Since its inception, the 15K Run has raised approximately $25,000 for Mount student scholarships and played host to approximately 2,000 runners. Nearly 70 runners braved the chilly rainy Saturday morning run last December.

Ms. Beverly Byron (retired congresswoman from the 6th Congressional District) and Mr. Kimball Byron have provided the outstanding leadership and energy for the past 36 years of successful runs. Scholarship funds are made available by lead financial backing provided by Legg Mason Inc., and the Baltimore Community Foundation. The run could not be successful without the wonderful support provided by Mount St. Mary's campus security, Aramark dining services, Mount St. Mary's facilities management, race management provided by the Frederick Steeplechasers Club, and 24 Bolte School of Business student volunteers, many of whom stood outside in the wind and rain to support the runners. As a result of everyone’s efforts, all runners finished safely.

We offer a hearty thank you to all that make the run such a success.

This past fall semester over 60 students participated in the annual Mount St. Mary’s University Student Investment Challenge hosted by the Student Finance Club. The challenge, which took place over six weeks from October to November, is a simulation in which the participant buys and sells the ownership of publicly traded companies in order to build the value of an investment portfolio. The challenge is a great chance for students who have expressed interest in the stock market to better understand the concept of buying and selling stock.  Todd Zuech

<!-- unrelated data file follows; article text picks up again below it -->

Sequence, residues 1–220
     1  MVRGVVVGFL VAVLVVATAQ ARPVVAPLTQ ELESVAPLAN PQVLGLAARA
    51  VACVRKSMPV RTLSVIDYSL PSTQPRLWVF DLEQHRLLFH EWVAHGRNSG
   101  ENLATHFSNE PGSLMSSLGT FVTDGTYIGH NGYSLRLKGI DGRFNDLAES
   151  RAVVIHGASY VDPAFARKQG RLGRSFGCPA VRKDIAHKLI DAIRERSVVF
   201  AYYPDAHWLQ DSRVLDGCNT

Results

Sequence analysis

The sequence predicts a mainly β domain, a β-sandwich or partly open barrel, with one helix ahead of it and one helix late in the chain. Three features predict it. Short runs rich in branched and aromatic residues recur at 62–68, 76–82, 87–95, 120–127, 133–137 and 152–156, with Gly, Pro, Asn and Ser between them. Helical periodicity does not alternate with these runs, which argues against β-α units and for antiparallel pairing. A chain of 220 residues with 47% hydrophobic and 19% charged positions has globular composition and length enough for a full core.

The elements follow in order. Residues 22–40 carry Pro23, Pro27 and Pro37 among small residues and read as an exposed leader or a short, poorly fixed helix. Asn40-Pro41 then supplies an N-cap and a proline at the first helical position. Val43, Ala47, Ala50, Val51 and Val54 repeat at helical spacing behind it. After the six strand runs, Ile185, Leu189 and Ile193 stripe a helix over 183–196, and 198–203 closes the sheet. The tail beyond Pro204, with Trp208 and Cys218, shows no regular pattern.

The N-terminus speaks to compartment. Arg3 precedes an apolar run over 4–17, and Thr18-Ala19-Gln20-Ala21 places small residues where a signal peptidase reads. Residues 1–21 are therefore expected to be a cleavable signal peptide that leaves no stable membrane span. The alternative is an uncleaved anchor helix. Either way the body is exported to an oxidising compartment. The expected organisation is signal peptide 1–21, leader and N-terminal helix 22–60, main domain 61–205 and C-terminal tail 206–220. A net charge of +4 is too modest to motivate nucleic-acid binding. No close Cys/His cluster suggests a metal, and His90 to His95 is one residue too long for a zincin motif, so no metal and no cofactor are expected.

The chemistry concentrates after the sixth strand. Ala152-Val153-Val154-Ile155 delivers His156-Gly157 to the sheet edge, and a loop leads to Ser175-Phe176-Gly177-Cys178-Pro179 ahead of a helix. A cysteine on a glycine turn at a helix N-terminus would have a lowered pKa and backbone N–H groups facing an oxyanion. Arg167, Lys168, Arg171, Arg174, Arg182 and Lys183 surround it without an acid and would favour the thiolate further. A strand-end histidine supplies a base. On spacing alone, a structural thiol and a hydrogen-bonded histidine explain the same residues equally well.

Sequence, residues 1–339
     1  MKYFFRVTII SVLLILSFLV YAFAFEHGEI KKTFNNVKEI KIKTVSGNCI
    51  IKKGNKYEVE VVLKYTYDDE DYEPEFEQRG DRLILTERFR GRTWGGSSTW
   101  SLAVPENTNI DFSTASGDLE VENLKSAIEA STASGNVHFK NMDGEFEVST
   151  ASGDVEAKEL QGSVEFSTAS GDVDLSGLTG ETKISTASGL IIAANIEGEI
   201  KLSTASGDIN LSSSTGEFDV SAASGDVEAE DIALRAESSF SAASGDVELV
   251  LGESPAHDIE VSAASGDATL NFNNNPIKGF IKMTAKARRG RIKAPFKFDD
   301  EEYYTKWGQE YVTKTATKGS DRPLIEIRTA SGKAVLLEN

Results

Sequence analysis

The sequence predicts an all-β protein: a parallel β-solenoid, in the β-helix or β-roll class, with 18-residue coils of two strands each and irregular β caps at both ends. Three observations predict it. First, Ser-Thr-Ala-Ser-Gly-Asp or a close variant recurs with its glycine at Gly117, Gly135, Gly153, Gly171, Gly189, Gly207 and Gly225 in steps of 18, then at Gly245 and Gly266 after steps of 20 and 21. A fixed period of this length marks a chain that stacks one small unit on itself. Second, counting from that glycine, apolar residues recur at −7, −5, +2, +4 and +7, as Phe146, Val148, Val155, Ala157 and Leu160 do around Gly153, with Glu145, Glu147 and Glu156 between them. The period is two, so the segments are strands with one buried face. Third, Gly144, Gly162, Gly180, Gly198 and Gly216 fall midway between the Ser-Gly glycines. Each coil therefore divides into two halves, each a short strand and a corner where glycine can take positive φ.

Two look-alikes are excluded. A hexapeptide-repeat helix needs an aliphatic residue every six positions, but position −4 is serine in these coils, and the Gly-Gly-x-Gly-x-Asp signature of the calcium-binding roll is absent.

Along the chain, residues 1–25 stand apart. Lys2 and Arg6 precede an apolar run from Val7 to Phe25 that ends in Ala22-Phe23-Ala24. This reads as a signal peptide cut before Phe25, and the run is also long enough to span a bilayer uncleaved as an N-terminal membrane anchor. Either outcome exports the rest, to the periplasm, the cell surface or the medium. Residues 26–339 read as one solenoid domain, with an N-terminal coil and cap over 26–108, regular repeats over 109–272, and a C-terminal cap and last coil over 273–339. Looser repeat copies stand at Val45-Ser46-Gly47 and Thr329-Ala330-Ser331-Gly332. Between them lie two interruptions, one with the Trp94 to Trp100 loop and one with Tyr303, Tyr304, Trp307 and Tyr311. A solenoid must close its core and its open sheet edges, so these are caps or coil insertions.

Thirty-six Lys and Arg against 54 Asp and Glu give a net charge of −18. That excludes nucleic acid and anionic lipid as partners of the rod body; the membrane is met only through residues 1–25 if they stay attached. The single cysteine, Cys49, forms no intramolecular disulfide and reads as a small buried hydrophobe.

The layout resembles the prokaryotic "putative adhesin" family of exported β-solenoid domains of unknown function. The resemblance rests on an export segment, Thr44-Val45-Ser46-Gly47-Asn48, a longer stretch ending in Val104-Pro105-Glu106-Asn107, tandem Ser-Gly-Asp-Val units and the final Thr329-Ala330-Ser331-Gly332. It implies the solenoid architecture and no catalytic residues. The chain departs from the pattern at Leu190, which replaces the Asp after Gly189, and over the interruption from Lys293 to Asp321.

Each student began with $100,000 and competed to see how much they could increase their stock portfolio's value.  At the closing bell on November 21, with all the results in, the winner was a clear cut Todd Zuech, C’17, who ended with over $515,471 dollars, a gain of 415% from the initial $100,000 value. Runners up were Teresa Gonzalez, C’17, at $164,201 a 64% gain and William Naille, a graduate student at the Mount, who earned $119,608 a 19% gain. Although it was a landslide victory for the underclassman here at the Mount the learning experience it provides for everyone is undeniable. Prizes of $300, $200, and $100 were award to first, second and third place respectively.

The end value of many of the portfolios show how much the student puts into the challenge.  Professor Don Butt, finance club faculty advisor, said, “In the past, the winners of the investment challenge have all been extremely active through the entire course of the challenge, making multiple trades over the course of a single day.”

The challenge really articulates how much work it takes to remain competitive and the constant trading necessary to create a profitable portfolio.  “This is a great way for anyone who is interested in pursuing a career in stock brokerage or going on to take the Series 7 exam after graduating to get their feet wet and see just how much work goes into the career," Professor Butt said. “I would highly encourage any undergraduate business majors to participate in future challenges by the investment club.”